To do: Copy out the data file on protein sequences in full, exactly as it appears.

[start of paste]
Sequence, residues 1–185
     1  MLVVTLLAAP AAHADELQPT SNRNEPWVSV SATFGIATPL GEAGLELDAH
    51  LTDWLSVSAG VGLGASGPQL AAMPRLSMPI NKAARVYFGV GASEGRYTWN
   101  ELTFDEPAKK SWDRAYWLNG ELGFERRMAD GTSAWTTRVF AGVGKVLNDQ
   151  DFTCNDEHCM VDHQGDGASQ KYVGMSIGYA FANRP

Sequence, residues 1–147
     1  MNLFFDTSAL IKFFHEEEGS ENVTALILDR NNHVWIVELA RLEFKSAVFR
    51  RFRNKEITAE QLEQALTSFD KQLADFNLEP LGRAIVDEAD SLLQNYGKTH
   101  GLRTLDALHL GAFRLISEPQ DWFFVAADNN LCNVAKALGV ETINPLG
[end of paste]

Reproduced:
Sequence, residues 1–185
     1  MLVVTLLAAP AAHADELQPT SNRNEPWVSV SATFGIATPL GEAGLELDAH
    51  LTDWLSVSAG VGLGASGPQL AAMPRLSMPI NKAARVYFGV GASEGRYTWN
   101  ELTFDEPAKK SWDRAYWLNG ELGFERRMAD GTSAWTTRVF AGVGKVLNDQ
   151  DFTCNDEHCM VDHQGDGASQ KYVGMSIGYA FANRP

Sequence, residues 1–147
     1  MNLFFDTSAL IKFFHEEEGS ENVTALILDR NNHVWIVELA RLEFKSAVFR
    51  RFRNKEITAE QLEQALTSFD KQLADFNLEP LGRAIVDEAD SLLQNYGKTH
   101  GLRTLDALHL GAFRLISEPQ DWFFVAADNN LCNVAKALGV ETINPLG